Lead Review

  • Book: A Cornish Summer
  • Location: Truro
  • Author: Catherine Alliott

Review Author: tripfiction

Location

Content

Summer 2019 has seen a real uplift in novels set in this wonderful part of the world. Are we surprised? The county makes a wonderful backdrop for all kinds of stories, usually with a good dollop of romance. And romance is indeed part of A Cornish Summer.

A couple of decades ago Flora fell for Hugo Bellingdon, of Bellingdon Water (who provide water services around the county). They are toffs, living at the colossal pile that is Trewarren (not far from Truro it would seem). Flora and Hugo marry after she falls pregnant with Peter, but soon thereafter Hugo is tupping Christina and they go on to marry and sire two more children. Flora is abandoned and has to bring Peter up largely on her own and she never really gets over the ending. She still holds a candle for Hugo and is intensely involved in Peter’s life.

Roger is the patriarch of the family at Trewarren and he his married to formidable Belinda, a rather controlling and ghastly woman.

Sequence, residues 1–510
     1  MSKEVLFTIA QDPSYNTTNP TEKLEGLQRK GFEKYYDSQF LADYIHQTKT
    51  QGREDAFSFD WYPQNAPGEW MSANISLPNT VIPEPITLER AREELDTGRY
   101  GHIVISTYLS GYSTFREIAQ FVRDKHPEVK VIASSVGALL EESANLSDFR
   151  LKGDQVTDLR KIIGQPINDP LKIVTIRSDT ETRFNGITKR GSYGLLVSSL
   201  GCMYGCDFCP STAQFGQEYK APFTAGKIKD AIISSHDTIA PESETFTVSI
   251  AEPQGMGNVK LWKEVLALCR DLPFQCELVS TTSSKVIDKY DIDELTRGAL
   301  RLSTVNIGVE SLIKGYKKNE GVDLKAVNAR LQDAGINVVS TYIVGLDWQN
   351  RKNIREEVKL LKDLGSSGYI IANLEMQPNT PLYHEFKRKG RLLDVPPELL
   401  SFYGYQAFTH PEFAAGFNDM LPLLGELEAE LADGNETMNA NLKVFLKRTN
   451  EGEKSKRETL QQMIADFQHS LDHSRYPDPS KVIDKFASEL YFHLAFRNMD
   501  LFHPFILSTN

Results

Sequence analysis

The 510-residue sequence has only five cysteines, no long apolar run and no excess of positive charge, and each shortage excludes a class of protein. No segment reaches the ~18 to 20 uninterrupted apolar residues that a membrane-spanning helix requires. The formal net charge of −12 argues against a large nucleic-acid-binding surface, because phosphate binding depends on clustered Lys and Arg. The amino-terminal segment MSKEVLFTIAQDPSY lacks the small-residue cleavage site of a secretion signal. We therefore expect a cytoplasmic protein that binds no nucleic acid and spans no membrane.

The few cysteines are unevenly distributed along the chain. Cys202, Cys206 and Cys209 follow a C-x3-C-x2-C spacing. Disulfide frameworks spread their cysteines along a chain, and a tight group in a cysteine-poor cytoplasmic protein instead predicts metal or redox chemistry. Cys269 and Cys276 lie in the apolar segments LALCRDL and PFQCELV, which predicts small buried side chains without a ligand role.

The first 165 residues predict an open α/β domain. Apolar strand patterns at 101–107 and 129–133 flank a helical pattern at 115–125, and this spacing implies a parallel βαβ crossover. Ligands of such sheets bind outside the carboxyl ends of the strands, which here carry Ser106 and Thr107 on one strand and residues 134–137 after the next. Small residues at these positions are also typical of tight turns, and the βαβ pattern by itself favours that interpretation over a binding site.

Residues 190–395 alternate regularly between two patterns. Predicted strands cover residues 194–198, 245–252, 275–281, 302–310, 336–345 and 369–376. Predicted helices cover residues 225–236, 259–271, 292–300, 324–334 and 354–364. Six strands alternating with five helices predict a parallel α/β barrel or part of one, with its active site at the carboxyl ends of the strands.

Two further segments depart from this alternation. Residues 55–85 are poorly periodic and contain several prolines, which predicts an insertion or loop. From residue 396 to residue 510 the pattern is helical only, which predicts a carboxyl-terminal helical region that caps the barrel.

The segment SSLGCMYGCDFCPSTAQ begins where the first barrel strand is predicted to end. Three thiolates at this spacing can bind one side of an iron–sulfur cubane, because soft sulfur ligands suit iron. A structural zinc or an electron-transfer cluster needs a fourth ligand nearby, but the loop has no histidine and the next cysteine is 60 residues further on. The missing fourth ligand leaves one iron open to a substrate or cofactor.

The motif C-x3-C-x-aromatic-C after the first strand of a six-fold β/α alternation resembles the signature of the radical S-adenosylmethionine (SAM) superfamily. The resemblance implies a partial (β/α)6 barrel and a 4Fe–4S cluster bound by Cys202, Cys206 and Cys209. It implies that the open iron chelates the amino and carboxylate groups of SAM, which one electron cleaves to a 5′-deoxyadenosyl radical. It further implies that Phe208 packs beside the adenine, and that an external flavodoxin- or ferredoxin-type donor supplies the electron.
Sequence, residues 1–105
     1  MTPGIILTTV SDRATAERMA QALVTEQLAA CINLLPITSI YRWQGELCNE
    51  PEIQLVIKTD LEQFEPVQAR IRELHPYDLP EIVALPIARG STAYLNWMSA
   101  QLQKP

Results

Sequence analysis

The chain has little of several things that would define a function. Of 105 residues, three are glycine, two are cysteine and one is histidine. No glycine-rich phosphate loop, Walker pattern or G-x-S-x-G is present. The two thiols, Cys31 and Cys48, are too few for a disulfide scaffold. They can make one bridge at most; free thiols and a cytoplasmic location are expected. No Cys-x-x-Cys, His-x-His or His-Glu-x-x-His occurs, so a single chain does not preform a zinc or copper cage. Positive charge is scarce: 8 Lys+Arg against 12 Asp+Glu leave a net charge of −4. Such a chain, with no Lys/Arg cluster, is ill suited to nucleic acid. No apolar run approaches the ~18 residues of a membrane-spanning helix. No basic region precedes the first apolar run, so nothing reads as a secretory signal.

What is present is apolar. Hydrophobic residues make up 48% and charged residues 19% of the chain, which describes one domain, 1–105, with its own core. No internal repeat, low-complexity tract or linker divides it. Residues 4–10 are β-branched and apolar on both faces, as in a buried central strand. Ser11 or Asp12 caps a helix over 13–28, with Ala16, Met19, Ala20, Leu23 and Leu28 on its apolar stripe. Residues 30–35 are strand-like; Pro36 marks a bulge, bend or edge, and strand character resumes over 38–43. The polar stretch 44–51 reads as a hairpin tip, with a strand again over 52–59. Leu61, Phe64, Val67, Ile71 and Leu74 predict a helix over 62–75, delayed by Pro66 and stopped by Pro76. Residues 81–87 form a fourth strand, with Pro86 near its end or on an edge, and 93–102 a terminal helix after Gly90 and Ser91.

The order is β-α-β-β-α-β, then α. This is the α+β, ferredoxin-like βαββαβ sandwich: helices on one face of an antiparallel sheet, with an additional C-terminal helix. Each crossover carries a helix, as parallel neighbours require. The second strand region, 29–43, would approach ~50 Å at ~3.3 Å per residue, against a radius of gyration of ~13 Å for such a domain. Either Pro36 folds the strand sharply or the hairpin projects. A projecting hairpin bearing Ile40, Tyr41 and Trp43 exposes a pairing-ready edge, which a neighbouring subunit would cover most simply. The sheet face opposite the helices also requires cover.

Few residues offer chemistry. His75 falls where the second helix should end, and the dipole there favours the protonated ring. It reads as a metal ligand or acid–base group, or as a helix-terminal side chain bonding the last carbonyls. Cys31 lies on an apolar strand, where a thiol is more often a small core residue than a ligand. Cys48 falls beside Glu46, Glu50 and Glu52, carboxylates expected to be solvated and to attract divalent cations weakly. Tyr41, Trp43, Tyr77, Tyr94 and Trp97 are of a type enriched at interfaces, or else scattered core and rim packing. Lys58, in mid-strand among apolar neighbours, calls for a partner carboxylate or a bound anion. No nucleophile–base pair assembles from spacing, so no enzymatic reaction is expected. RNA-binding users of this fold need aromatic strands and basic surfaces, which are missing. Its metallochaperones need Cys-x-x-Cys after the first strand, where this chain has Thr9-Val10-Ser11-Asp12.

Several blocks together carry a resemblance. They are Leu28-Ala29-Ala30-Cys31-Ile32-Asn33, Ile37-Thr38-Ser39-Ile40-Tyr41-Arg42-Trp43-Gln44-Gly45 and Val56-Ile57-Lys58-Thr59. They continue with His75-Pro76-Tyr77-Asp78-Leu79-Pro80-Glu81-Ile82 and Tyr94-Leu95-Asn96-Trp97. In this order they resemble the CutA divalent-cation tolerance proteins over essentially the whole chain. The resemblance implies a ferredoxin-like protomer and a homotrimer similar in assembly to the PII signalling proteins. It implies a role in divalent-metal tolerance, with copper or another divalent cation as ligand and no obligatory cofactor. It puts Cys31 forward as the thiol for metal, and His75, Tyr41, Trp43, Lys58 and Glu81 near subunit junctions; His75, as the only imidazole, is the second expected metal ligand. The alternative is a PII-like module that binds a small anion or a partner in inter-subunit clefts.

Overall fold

As the book opens, Peter is now 17 years old (as a marker of water under the bridge, no pun intended) and Flora and her friend and fellow painter Celia are on their way to stay with the in-laws (yes, it is all fairly boundaryless and dysfunctional) as Flora has been commissioned to paint Roger’s portrait – another one to add to the growing pictures of him that are dotted around the mansion. Why was she chosen? Indeed. Upon arrival and much to her consternation there is a house full of people (INCLUDING Hugo and his wife – and no-one has bothered to tell her – and several other people who come to play a part in the story). Of course there is much embarrassment, intrigue and various goings-on that keep the story pumped.

There is also conservationist Ted who has a team of students patrolling the local coastal areas in search of pollution. He is starting to discover that Bellingdon Water hasn’t perhaps been as circumspect in their treatment of pollutants as they should have been.

Overall, it is quite a fanciful premise to be honest – the family is in dire need of boundaries but actually the author handles her characters’ interactions well. There is one scene – a hunting scene – where the author needs to introduce an event but the story goes off at a significant and overly detailed tangent that had me glazed over for several pages. But no matter. Once all the characters are in place (and there are quite a few) the story gets into a good rhythm and I enjoyed it.

The author does have a good writing style and pulls the narrative together well. A good Summer read for Cornwall 2019.

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